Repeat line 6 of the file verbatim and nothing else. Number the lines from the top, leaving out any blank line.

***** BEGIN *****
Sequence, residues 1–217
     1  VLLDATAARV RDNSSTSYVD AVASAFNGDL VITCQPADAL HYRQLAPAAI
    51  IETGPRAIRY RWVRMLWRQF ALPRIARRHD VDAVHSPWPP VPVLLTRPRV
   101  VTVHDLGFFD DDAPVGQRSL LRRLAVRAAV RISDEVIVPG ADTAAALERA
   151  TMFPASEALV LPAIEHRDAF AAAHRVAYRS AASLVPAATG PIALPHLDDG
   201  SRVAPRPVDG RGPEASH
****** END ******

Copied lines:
   201  SRVAPRPVDG RGPEASH